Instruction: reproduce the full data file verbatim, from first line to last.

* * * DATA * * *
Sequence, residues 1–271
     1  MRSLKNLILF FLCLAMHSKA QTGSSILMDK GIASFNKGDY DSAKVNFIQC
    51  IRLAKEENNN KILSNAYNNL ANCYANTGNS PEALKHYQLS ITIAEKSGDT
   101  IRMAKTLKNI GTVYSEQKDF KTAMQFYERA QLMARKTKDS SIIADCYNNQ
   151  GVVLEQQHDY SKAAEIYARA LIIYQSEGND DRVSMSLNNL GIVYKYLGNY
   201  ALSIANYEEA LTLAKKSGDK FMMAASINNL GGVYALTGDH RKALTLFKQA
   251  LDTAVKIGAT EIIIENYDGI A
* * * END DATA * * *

Sequence, residues 1–271
     1  MRSLKNLILF FLCLAMHSKA QTGSSILMDK GIASFNKGDY DSAKVNFIQC
    51  IRLAKEENNN KILSNAYNNL ANCYANTGNS PEALKHYQLS ITIAEKSGDT
   101  IRMAKTLKNI GTVYSEQKDF KTAMQFYERA QLMARKTKDS SIIADCYNNQ
   151  GVVLEQQHDY SKAAEIYARA LIIYQSEGND DRVSMSLNNL GIVYKYLGNY
   201  ALSIANYEEA LTLAKKSGDK FMMAASINNL GGVYALTGDH RKALTLFKQA
   251  LDTAVKIGAT EIIIENYDGI A